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WHO Report on Preterm Births

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May 15, 2023

Why in news?

World Health Organization (WHO) has released the “Born Too Soon: Decade of Action on Preterm Birth” report highlighting the urgent need to address the preterm births.

What is preterm birth?

  • Preterm babies - Babies born alive before 37 weeks of pregnancy are completed.
  • Subcategories of preterm births
    • Extremely preterm - less than 28 weeks
    • Very preterm - 28 to less than 32 weeks
    • Moderate to late preterm - 32 to 37 weeks
  • Reasons for preterm births
    • Spontaneously
    • Medical reasons – Infection, chronic conditions such as diabetes and high blood pressure, pregnancy complications that require early induction of labour or caesarean birth
    • Other reasons - Multiple pregnancies
    • There could also be a genetic influence

Preterm birth is the 4th leading cause of loss of human capital worldwide, at all ages.

What are the key findings of the report?

  • Preterm birth – It is the single largest killer of children under five years of age.
  • Worldwide, 1 in 10 babies is born preterm (<37 weeks gestation).
  • The global preterm birth rate was 9.9% in 2020, compared to 9.8% in 2010.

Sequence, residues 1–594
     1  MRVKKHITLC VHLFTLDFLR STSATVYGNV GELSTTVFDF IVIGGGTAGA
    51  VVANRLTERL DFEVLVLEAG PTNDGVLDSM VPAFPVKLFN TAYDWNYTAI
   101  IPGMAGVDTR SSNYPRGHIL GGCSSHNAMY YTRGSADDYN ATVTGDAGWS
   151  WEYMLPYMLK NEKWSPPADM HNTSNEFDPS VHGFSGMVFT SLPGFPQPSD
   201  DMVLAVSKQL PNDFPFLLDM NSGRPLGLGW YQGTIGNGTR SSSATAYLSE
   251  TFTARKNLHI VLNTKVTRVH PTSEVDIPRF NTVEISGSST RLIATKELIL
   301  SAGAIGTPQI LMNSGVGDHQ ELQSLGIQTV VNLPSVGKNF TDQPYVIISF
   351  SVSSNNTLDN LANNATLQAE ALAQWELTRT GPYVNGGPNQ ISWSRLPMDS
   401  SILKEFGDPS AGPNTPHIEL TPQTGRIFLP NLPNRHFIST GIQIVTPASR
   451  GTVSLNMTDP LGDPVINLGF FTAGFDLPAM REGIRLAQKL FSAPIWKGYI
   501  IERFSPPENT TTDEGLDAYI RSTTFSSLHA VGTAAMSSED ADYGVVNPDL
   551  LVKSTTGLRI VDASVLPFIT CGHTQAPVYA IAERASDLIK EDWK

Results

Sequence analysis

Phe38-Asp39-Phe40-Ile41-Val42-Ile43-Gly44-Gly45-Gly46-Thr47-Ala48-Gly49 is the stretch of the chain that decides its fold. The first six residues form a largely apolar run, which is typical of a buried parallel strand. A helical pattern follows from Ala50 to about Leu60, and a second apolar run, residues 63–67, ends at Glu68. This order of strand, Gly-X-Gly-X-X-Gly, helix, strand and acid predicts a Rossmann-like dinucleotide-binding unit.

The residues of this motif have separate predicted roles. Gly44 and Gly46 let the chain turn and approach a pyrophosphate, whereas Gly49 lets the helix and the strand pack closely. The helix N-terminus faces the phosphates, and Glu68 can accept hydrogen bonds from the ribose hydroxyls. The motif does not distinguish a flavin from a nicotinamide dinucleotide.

• Neonatal disorders- They are the leading cause of burden of disease.
  • Inequalities - 9 in 10 extremely preterm babies survive in high-income countries but less than 1 in 10 survive in low-income countries.
  • Regional disparity - Preterm birth rates vary between regions, the highest occurring in Southern Asia (13.2%) and sub-Saharan Africa (10.1%).
  • In 2020, Bangladesh had the highest estimated preterm birth rate (16.2%), while India ranks first in terms of preterm birth numbers.
  • Threat for vulnerable women and babies - The “4 Cs” – Conflict, Climate change, COVID-19 and the Cost-of-living crisis.
  • Covid19 pandemic - Maternal Covid-19 infection may directly affect the foetus through pathways of viral transmission from mother to baby.


What are the impacts of the preterm births?

  • Child mortality - It is the leading cause of child mortality worldwide, accounting for nearly 1 in 5 deaths of children under five years of age.
  • Loss of human capital - Preterm birth is the 4th leading cause of loss of human capital worldwide, at all ages, behind ischemic heart disease, pneumonia and diarrheal disease.
  • Health concern - Preterm birth damages respiratory and cardiac systems in long term for many survivors.
  • Neurodevelopmental problems - Babies born between 37 and 39.9 weeks are at a slightly higher risk of adverse neurodevelopmental outcomes.
  • Learning and behavioral disorders - Even a few weeks preterm can cause learning and behavioral disorders.
  • Adult survivors - Adult survivors of preterm births face increased risks of chronic disorders, including psychiatric and cardiovascular disorders.

SDG Target 3.2 aims to end preventable deaths of newborns and children under 5 years of age by 2030

What is the way forward?

  • The quality care of the babies should be ensured to improve child health and reduce the preterm births.
  • Every women should have access to quality health care.
  • WHO’s antenatal care guidelines should to made aware to everyone.



  1. The Hindu│Key Findings Of The Report
  2. The Wire│Way Forward For Preterm Births
  3. WHO│About Preterm Births
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